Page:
History cannot be changed


By Boswell Hutson

I went to high school in Monticello, Illinois, a small town about 20 minutes west of campus. My graduating class had fewer than 150 students and our town has two stop lights. All that being said, despite having fewer resources than some larger schools, our district always did the best they could to prepare students for higher education.

We had only two advanced placement courses at my high school ­— AP Chemistry and AP United States History — and as a fairly good rule of thumb, most students who were on the college prep track at Monticello High School took one or both of these courses. In a place where options were few, AP U.S. History was easily the most enriching class I took in high school.

That’s why it came as such a shock to me when it was announced that an Oklahoma state House of Representatives committee voted to strike AP U.S. History from the curriculum from every public school in the state. Representative Dan Fisher, the sponsor of the bill, attacked AP U.S. History courses for having a negative view on American history and destroying the idea of “American Exceptionalism,” or that the U.S. is the world’s savior and can do no wrong. This is perhaps one of the most ridiculous things I’ve ever heard, and due to the closed-mindedness of Republican politicians, thousands of kids have to suffer.

First and foremost, “American Exceptionalism” doesn’t exist.

We’re not inherently better than anyone else just because we’re American. I know this may be hard for some super-patriots to accept, but in an increasingly globalized and progressive world, this is becoming more and more true. In 2013, the United Nations Development Programme released a world education index, which ranked the United States at fifth in the world in overall education, which is a pretty acceptable ranking.

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However, it isn’t great enough to allow us to manipulate and write our own history.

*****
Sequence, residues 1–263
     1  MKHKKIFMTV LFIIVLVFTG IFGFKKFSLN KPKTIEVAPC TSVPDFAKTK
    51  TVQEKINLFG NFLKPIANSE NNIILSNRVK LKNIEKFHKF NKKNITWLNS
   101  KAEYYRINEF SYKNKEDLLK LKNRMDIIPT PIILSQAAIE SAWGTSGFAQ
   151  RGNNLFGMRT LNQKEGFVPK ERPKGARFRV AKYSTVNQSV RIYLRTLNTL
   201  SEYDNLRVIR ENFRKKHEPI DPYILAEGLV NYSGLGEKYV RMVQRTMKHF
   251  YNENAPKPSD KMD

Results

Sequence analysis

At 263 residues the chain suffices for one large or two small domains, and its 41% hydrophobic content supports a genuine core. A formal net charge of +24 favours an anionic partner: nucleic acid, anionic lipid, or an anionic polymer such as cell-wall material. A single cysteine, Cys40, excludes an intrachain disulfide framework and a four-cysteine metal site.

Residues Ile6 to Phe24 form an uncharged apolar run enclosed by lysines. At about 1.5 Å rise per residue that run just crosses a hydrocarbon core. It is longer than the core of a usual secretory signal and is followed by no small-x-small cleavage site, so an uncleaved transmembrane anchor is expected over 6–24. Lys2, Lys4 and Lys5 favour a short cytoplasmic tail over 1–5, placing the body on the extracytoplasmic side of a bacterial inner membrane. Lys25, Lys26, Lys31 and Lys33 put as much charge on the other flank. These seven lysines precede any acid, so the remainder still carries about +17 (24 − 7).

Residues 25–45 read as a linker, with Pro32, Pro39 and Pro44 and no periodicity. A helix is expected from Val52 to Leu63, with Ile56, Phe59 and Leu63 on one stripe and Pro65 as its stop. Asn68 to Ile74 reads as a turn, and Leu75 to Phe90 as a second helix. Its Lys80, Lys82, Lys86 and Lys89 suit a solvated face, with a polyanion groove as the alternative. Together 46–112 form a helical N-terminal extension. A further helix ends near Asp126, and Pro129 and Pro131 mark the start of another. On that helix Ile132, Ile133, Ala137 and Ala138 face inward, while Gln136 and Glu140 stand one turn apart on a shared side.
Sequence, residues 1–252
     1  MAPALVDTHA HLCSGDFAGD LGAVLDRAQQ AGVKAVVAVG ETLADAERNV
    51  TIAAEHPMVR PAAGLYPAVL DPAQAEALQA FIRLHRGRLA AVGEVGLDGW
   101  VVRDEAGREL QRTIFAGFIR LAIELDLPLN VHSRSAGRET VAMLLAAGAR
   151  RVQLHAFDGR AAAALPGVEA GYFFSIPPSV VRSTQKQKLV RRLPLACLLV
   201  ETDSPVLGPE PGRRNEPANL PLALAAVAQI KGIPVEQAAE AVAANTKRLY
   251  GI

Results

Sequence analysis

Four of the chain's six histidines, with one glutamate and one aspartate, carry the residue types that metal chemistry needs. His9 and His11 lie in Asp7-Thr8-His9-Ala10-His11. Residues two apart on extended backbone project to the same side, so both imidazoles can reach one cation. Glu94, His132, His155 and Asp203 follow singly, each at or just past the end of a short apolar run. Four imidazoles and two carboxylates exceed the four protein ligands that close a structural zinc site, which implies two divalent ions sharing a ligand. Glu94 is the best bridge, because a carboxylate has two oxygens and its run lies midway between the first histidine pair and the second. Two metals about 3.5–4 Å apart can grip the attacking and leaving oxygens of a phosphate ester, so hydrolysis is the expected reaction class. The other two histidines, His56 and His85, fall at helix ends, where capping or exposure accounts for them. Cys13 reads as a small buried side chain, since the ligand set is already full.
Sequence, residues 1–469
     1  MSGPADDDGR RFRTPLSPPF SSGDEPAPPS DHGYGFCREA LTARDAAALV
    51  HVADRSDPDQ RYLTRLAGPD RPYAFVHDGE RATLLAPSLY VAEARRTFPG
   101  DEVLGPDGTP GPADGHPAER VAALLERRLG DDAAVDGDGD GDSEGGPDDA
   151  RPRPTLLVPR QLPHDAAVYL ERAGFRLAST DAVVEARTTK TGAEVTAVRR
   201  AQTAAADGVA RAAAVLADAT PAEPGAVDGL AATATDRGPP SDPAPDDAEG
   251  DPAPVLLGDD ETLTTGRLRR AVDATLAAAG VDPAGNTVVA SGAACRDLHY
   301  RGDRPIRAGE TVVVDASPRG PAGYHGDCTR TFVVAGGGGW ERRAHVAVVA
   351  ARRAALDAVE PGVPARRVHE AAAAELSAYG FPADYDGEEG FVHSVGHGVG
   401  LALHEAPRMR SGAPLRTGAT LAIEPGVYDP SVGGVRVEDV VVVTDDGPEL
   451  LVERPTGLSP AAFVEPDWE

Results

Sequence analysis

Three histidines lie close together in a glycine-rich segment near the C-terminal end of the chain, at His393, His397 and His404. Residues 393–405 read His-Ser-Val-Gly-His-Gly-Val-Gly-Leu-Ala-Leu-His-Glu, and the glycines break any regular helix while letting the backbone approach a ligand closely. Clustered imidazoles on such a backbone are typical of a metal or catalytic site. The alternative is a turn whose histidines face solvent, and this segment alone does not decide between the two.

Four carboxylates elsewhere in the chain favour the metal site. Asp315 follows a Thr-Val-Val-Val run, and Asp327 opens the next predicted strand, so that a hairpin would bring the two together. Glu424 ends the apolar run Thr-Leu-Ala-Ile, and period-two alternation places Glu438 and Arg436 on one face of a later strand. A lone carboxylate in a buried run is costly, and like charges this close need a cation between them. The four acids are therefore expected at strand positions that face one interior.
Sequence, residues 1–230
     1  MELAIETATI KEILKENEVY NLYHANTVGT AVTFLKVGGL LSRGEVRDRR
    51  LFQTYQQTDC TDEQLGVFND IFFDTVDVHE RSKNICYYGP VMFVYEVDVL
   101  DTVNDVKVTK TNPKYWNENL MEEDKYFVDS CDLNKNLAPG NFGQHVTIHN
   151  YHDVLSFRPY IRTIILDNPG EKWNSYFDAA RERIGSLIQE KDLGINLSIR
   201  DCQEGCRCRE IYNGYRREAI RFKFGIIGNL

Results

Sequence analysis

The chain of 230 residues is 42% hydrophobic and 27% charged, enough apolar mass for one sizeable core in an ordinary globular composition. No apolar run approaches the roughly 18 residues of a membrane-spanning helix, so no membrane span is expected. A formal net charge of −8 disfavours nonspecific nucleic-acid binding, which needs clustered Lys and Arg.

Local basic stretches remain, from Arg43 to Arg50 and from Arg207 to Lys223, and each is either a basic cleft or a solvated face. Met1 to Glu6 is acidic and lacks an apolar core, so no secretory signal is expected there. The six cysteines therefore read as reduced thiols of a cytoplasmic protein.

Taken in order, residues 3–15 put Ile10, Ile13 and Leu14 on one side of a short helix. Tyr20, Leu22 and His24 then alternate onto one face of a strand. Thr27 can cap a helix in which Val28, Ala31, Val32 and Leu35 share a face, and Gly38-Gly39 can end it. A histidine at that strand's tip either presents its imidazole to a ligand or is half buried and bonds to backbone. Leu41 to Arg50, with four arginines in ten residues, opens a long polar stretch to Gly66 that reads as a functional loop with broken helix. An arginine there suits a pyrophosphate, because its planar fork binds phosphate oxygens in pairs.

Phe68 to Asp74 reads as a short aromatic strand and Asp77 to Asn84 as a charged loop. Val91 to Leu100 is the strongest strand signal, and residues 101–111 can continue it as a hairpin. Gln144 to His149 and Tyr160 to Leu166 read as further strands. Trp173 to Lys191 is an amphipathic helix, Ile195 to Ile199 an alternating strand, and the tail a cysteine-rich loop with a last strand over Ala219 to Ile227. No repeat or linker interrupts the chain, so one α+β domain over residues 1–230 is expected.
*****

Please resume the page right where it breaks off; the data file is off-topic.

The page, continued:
Many subjects within the course are about all aspects of American culture. Some instances, like Paul Revere taking his magical ride or Franklin D. Roosevelt’s New Deal, are fairly remarkable and deserve high praise.

Perhaps people take issue with other aspects of American History: Columbus’ massacre and enslavement of indigenous populations or that big thing called slavery, which are less glamorous.

But that contradiction is just the way history is.

The beautiful thing about it is that we can’t manipulate it. Instead, we have to learn from it, which many students won’t be able to do if they’re getting a more distorted, manipulated version of history.

AP U.S. History was so useful to me, and many other current students at the University, because it told us the whole story we never really got in textbooks until that point.

It allows students to dive deeper into history than what is relatively common knowledge — even if some of that is bleak and uncensored.

My message to Dan Fisher, and anyone else supporting the removal of AP U.S. History from Oklahoma’s public curriculum (or any state’s), is that no person is strong enough to censor history.

We are a country that rose to power amid race relations we now think deplorable, genocide that most history courses never acknowledge and slavery, which is widely regarded as an egregious human rights violation.

There are dirty parts of our history, and if we want to adequately prepare our students for college, leaving this out of their curriculum is nothing short of deceptive.

All of this, of course, goes without mentioning the students, who will be at an inherent disadvantage due to the lack of this AP course.

When a University of Illinois admissions officer sits down to compare high school transcripts of applicants, and a student from Kansas has AP U.S. History, while a student from Oklahoma was never afforded the opportunity, the student from Kansas will almost certainly be considered as having had more rigorous coursework than the student from Oklahoma, thus putting students from Oklahoma who apply to college in a terrible situation from which they have no escape.

This idea to ban AP U.S. History is only in committee in Oklahoma, but even that is enough cause for concern in itself. When those who deny the bad parts of our history call for the abolishment of AP U.S. History courses, not only are we feeding students distorted views, but we’re also placing those students affected in a helpless situation where they are institutionally disadvantaged.

Nice one, Oklahoma, you’re really looking out for the well being of the entire population. I’m glad I got the opportunity to take AP U.S. History, and I hope that the future generation of students preparing for college are allowed the opportunity, no matter what color their state is on election night.

Boswell is a senior in LAS. He can be reached at [email protected].